‘You’re killing me’: Murder victim’s final words before being stabbed to death

A NSW man stabbed to death in the state’s south is being remembered as a “cool and casual” person as his killer prepares to be sentenced for murder.

Samual Campbell stabbed Nicholas Robertson 15 times during a drug-induced psychosis in Cooma in February 2021.

Campbell, 23, pleaded guilty to murdering 38-year-old Robertson in the NSW Supreme Court in April, two weeks before the case was due to go to trial.

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He also pleaded guilty to one count of wounding with intent to cause grievous bodily harm to his friend Zane Kouaider, 21, who was also stabbed in the attack.

Court documents reveal Kouaider considered Robertson as a “father figure”.

In a victim impact statement read by Crown Prosecutor Kate Ratcliffe during a sentencing hearing on Monday, Kouaider said Robertson was his best friend.

“He was always the kind of person you would go to,” Kouaider said.

“He was a hard worker and kept to himself.

“Nico was down to earth and the most cool and casual person you could ever meet.

“He lived to be just Nico. It’s not fair that was taken away from him.”

The weapon used in the murder. Credit: Supplied

Since the attack, Kouaider said he suffers night terrors and is “anxious most of the time for no reason”.

“Both Nico and Sam were my best friends — I lost them both that night,” he said.

“I get uncomfortable around knives.

“I dissociate from reality easily.”

Campbell, who sat in the dock dressed in prison greens, appeared to hang his head as the statement was read.

‘You’re killing me’

In the days before the murder on February 15, Campbell became increasingly paranoid after using methamphetamine he bought after receiving a Centrelink payment.

“Everyone’s watching me, it’s like eyes are on me all the time,” he said the day before the murder, according to court documents.

In the early hours of the next day, Robertson, Kouaider and Campbell were at Kouaider’s place when Robertson asked to be driven home.

All three were in the car when Campbell asked: “Are you going to hurt me? I just don’t trust you. Are you taking me out to the bush to kill me?”

Soon after, Campbell stabbed Kouaider in the arm.

“The knife went completely through Mr Kouaider’s arm, with the knife exiting on the other side,” court documents state.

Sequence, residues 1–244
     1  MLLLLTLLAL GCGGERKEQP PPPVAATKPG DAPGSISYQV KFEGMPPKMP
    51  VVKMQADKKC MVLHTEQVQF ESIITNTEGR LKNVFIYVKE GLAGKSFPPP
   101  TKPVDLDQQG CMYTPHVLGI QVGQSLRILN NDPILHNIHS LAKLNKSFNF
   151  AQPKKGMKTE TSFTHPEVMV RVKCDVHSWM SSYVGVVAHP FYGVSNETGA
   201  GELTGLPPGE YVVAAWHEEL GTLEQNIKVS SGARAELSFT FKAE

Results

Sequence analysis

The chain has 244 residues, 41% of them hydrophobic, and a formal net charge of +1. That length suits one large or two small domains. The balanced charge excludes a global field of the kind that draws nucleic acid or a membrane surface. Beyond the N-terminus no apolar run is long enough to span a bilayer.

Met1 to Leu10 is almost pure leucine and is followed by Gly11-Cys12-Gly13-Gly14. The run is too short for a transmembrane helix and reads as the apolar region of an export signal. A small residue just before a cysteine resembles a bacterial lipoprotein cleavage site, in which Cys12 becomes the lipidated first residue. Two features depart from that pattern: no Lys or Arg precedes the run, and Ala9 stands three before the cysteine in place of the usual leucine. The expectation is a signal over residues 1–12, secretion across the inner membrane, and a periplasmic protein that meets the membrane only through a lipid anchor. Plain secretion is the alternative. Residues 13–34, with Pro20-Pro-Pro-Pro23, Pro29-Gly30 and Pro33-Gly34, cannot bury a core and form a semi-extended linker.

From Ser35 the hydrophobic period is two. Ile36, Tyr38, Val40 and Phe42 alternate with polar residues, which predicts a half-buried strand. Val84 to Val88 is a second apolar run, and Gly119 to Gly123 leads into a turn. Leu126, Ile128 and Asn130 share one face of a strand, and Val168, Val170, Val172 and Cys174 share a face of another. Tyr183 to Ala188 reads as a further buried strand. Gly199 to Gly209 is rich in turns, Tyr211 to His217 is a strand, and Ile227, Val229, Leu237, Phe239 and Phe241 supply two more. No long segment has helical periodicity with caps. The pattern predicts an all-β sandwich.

Campbell then leaned into the front seat of the car and stabbed Robertson in the chest.

“You’re killing me, you’re killing me,” Robertson screamed.

Both men then got out of the car, where Campbell continued to stab Robertson.

Kouaider managed to get Robertson back into the car and drove to Cooma Hospital while calling triple-0, leaving Campbell behind.

Kouider ran into the hospital’s emergency department screaming for help about 4am.

Robertson was declared dead less than half an hour later, while Kouaider was treated for his injuries.

Campbell was arrested a short time later and charged with the two offences.


Crown prosecutor Ratcliffe submitted while there was no evidence Campbell, who was 21 at the time of the attack, had premeditated the murder, he had an intention to kill.

It was also submitted the use of a weapon was an aggravating factor.

Ratcliffe added Campbell, who had previously abstained from using drugs, made the choice to purchase and use ice in the days before the murder, with the knowledge he experiences hallucinations and delusions while intoxicated.

“He was aware of the risk of experiencing psychosis because he had experienced psychotic symptoms when he took methamphetamine,” Ratcliffe said.

“He doesn’t have a reason for going to make the purchase for methamphetamine.

“It is not a mitigating factor that the drug use was a causal factor in the offending.”

Defence barrister Christopher Barry SC submitted otherwise, arguing Campbell did not have an intent to kill the victims when he stabbed them, only to incapacitate them due to delusions they would kill him.

“It was not a case of his carrying the knife with the intention of using it … there was nothing untoward or anticipatory in the relation to the use of it until he found himself at night, and the paranoid psychosis started to operate on his mind,” Barry told the court.

Campbell had a history of drug use, the court heard, and had been diagnosed with severe substance use disorder.

“In the absence of the substance abuse in this case, these crimes would have never been committed,” Barry said.

Barry also submitted Campbell should receive a longer parole period to better his prospects for rehabilitation, adding there were no aggravating factors in the case.

Campbell will be sentenced later this month.

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